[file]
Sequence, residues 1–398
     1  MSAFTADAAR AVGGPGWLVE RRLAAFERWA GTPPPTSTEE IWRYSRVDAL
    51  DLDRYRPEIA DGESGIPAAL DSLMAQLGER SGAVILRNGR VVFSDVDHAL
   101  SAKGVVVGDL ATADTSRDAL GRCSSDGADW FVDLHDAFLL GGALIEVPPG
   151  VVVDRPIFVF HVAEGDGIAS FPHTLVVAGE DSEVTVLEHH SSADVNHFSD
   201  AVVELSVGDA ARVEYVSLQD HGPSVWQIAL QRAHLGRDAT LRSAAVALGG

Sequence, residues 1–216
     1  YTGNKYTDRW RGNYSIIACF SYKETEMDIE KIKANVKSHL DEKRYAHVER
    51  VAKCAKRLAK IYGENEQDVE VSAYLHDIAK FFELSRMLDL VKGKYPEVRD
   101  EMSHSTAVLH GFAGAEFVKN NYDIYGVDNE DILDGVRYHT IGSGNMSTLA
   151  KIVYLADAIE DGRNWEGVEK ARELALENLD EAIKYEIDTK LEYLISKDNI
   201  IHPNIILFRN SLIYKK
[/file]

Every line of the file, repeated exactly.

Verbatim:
Sequence, residues 1–398
     1  MSAFTADAAR AVGGPGWLVE RRLAAFERWA GTPPPTSTEE IWRYSRVDAL
    51  DLDRYRPEIA DGESGIPAAL DSLMAQLGER SGAVILRNGR VVFSDVDHAL
   101  SAKGVVVGDL ATADTSRDAL GRCSSDGADW FVDLHDAFLL GGALIEVPPG
   151  VVVDRPIFVF HVAEGDGIAS FPHTLVVAGE DSEVTVLEHH SSADVNHFSD
   201  AVVELSVGDA ARVEYVSLQD HGPSVWQIAL QRAHLGRDAT LRSAAVALGG

Sequence, residues 1–216
     1  YTGNKYTDRW RGNYSIIACF SYKETEMDIE KIKANVKSHL DEKRYAHVER
    51  VAKCAKRLAK IYGENEQDVE VSAYLHDIAK FFELSRMLDL VKGKYPEVRD
   101  EMSHSTAVLH GFAGAEFVKN NYDIYGVDNE DILDGVRYHT IGSGNMSTLA
   151  KIVYLADAIE DGRNWEGVEK ARELALENLD EAIKYEIDTK LEYLISKDNI
   201  IHPNIILFRN SLIYKK